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Waikato Research Capacity Gets $1.3 Million Boost

Waikato Science And Engineering Research Capacity Gets $1.3 Million Boost

Waikato University – rated first equal in chemistry research and first in molecular biology research – has now acquired more than $1.3 million worth of leading edge equipment which can assist Waikato and New Zealand businesses in the development of a wide range of agricultural, chemical, medical and material products.

The university’s installation of its MALDI-TOF/TOF instrument and sample handling robot, with a value of more than $800,000, has now been complemented by a new state-of-the-art surface plasmon resonance device, worth more than $500,000.

The MALDI-TOF/TOF quickly and clearly identifies molecules, while the plasmon resonance device measures how substances bond and interact.

“We now have the most advanced surface plasmon resonance device in the country,” says the School of Science and Engineering’s dean Professor Richard Price. “Combined with the MALDI-TOF/TOF, this means we have a leading-edge, specialist facility that can help Waikato and New Zealand business maximise the economic potential of their research and products.”

The MALDI-TOF/TOF instrument measures the time molecules take to travel distances inside the machine, thereby enabling the university to rapidly and accurately analyse what they are. The sample preparation robot allows the process of preparing large numbers of samples to be highly automated.

The MALDI-TOF/TOF equipment can:

• confirm the structure of new therapeutic proteins, thereby allowing companies to produce more effective drugs;

• study DNA and protein modifications so that the developmental process of organisms is better understood;

• monitor the purity of a product at the molecular level;

• identify sequences of amino acids in protein and mutations in DNA;

• carry out specialized research on chemicals.

• identify the molecular size of natural and synthetic polymers.

• permit novel research in the areas of mass spectrometry of inorganic chemicals, for which the chemistry department already has an international reputation.

The surface plasmon resonance device can:

• detect specific molecules, such as growth factors or hormones, in fluids like milk or blood;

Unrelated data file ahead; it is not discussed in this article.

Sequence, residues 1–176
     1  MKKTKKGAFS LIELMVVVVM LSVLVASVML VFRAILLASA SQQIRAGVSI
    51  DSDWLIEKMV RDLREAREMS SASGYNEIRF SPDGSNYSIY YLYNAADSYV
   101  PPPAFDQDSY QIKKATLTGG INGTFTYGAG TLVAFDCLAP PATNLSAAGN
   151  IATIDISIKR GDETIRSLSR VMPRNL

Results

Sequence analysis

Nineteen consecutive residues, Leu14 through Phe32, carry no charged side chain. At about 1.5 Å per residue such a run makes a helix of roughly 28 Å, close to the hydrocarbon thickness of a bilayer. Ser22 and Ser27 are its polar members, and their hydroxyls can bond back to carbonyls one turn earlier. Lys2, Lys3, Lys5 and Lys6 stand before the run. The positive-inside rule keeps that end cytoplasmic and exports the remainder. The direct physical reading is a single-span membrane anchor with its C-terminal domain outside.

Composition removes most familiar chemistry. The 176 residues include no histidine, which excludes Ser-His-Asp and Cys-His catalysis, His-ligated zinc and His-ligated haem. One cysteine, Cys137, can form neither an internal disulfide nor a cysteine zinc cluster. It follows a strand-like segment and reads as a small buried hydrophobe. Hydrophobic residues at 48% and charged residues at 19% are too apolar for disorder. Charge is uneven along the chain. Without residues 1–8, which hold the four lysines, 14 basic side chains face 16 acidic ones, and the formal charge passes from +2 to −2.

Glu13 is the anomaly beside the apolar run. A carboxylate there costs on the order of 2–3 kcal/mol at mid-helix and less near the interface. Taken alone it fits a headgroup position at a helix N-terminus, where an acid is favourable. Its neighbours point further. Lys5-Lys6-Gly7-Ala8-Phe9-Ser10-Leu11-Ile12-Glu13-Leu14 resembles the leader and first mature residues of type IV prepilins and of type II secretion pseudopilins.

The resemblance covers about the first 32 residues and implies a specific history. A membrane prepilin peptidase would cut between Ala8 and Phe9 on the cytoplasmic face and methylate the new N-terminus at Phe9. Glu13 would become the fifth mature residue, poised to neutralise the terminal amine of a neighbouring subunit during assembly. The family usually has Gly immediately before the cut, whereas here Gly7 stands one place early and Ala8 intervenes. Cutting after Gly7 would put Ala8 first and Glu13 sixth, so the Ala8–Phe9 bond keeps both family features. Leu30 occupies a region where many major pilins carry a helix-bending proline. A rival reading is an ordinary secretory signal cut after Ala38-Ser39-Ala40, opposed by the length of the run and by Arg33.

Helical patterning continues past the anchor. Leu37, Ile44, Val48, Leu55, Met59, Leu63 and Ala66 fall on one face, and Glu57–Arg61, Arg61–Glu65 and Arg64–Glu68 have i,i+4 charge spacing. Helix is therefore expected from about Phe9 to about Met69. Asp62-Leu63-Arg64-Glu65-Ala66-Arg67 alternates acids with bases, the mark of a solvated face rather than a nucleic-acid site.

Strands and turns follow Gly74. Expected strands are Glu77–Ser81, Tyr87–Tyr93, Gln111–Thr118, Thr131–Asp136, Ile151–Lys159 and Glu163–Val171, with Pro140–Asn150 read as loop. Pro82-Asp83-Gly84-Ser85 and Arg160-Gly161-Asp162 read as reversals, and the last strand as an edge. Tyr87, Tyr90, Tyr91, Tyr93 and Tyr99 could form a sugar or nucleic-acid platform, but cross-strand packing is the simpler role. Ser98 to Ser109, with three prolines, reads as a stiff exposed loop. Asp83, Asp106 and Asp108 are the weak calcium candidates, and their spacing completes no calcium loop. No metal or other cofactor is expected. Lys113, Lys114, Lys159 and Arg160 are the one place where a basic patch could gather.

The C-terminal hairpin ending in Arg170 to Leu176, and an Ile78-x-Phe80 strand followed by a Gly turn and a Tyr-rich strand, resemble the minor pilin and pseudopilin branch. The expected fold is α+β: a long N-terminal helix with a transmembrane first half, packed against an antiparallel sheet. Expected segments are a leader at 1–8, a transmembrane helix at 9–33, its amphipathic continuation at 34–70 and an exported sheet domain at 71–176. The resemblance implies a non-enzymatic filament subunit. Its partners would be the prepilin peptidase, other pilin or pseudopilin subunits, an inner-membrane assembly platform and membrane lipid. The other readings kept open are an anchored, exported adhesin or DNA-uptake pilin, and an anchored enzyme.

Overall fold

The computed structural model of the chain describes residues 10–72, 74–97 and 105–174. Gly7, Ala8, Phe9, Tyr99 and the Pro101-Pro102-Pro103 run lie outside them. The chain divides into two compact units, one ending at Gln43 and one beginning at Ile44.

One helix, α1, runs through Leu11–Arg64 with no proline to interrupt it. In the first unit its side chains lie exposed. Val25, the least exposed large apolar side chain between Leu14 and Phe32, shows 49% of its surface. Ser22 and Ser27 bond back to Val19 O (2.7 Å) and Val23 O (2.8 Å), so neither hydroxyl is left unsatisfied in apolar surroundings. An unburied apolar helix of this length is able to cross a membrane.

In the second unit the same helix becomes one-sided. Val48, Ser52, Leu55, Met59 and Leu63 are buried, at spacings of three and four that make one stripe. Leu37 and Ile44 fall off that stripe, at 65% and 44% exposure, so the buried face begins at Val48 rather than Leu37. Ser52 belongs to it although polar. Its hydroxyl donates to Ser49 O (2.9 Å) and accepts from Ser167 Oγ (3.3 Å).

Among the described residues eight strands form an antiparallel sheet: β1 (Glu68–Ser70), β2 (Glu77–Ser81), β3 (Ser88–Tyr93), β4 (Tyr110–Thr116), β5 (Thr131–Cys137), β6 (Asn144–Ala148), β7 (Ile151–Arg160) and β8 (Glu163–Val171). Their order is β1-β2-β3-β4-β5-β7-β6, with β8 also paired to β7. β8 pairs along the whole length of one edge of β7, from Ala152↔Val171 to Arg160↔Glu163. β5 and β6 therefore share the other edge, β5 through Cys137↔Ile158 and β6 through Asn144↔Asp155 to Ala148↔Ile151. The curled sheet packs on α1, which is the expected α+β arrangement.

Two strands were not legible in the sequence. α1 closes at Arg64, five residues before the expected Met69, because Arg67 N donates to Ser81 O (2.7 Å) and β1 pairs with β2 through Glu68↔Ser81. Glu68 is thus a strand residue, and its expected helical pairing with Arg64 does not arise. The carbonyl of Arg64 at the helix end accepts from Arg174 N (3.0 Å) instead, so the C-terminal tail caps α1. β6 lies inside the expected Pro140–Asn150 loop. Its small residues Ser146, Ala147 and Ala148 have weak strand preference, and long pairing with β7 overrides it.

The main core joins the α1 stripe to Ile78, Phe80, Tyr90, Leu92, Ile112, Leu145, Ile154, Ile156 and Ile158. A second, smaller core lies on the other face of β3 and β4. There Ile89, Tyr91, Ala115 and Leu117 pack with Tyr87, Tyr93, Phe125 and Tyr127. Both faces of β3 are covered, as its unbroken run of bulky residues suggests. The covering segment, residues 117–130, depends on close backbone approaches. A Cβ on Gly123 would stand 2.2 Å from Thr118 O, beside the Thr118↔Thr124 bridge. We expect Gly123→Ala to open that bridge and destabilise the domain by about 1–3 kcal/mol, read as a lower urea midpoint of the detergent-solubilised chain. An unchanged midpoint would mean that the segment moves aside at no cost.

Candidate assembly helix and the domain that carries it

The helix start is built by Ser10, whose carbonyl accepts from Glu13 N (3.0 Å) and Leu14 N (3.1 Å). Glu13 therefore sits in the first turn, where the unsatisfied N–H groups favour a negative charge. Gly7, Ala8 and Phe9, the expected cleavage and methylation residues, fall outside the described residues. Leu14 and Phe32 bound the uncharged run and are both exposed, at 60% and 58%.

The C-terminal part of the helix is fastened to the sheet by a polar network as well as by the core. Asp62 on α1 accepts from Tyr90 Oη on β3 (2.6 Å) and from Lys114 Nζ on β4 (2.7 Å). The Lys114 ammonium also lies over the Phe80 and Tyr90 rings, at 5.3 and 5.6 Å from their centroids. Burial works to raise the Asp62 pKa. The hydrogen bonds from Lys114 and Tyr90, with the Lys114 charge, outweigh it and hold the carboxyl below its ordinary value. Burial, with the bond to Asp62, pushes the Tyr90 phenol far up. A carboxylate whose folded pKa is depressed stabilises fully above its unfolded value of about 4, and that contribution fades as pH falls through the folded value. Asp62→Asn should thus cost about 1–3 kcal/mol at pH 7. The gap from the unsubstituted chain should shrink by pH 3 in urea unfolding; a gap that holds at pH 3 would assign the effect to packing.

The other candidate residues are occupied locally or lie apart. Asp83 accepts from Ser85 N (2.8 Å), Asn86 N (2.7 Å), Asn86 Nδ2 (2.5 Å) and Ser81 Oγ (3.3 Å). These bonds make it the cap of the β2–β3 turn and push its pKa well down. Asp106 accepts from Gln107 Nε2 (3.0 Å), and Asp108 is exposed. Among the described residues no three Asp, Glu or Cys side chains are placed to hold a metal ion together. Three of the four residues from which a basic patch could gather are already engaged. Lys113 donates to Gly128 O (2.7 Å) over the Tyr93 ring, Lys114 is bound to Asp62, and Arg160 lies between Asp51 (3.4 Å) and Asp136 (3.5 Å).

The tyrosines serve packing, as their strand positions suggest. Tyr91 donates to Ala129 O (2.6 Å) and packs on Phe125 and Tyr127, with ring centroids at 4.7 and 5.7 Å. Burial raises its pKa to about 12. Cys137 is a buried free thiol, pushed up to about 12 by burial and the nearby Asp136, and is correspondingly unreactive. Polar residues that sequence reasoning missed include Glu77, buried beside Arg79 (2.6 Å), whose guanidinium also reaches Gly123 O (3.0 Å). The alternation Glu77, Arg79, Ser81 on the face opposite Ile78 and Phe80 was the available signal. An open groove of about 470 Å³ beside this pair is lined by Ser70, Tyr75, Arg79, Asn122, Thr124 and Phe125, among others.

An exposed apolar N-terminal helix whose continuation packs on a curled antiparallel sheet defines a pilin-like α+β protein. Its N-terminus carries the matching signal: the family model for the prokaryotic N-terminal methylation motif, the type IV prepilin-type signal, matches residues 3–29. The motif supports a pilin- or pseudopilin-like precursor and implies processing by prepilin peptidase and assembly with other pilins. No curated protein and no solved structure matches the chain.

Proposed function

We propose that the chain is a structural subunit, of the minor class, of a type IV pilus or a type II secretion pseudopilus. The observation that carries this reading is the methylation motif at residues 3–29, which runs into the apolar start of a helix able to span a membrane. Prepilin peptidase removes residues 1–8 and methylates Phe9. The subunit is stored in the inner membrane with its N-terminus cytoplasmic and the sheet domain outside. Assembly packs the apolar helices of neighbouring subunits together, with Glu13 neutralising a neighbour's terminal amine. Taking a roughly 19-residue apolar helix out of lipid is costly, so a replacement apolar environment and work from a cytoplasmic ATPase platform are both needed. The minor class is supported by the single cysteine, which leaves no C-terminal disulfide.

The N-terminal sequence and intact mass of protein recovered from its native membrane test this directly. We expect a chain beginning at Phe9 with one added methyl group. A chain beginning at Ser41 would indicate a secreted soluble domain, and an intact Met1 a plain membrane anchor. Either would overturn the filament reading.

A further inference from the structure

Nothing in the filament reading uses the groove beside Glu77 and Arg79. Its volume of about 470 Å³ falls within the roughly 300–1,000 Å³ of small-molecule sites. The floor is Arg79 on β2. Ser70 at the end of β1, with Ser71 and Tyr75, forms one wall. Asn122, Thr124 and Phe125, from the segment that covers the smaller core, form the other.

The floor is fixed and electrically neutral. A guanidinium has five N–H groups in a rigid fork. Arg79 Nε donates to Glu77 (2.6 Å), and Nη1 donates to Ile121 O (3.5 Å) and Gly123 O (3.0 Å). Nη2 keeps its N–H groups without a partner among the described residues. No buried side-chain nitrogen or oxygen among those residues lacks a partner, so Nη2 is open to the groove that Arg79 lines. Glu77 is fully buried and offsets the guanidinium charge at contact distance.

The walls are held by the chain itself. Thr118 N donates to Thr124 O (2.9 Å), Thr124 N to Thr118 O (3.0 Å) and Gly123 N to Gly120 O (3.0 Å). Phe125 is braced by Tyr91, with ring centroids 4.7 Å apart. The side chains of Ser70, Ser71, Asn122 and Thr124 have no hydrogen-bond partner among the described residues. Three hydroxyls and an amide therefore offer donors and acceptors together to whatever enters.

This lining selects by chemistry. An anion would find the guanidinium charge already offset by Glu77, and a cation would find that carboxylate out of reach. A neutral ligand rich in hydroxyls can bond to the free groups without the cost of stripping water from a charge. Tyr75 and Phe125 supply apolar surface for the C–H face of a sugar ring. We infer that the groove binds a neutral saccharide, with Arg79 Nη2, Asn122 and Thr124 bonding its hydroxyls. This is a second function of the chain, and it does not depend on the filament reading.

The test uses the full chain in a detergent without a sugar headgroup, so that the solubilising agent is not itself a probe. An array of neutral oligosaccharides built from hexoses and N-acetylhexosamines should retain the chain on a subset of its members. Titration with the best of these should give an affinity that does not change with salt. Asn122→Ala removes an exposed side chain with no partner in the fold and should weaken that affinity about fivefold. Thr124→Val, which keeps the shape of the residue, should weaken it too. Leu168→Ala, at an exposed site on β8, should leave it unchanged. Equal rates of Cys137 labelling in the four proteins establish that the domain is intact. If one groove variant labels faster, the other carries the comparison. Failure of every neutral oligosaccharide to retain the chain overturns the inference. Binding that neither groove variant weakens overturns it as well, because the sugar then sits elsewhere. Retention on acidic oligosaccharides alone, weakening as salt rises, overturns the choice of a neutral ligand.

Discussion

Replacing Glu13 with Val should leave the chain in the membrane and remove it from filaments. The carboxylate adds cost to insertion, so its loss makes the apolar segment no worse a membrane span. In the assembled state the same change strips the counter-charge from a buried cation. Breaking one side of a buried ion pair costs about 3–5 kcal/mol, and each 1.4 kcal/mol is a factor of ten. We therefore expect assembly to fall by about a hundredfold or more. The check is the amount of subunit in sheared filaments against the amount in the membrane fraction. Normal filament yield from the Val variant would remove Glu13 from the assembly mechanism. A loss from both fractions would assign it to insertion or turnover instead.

• help to design new methods for detecting or purifying molecules;

• identify different cells, like bacteria, or viruses;

• help to understand how various molecules come together to form structures that are essential to their functions in the body;

• determine the speeds at which molecules bind and dissociate from one another;

• measure how a surgical implant material interacts with human blood;

• measure how a particular anti-cancer drug reacts with cancerous cells;

Importantly, the MALDI-TOF/TOF and the surface plasmon resonance instrument can also be linked together to, for example:

capture and measure interactions between molecules with certain functions using the surface plasmon resonance instrument;

and, then to automatically transfer the molecules into the MALDI-TOF/TOF to analyse their structure.

“We have made this significant investment in new equipment to help support the top-class researchers working in important areas at the university, and to develop a centre that will support the regional and national economies,” says Professor Price.

“Essentially, anyone researching and developing biological or chemical-based products will be able to gain access to a world-class facility, including automation to handle large numbers of samples faster. We are happy to carry out work for others on a commercial basis or on a joint research basis.”

Earlier this year, Waikato University was ranked first equal for chemistry and first for molecular biology in the Performance Based Research Fund.

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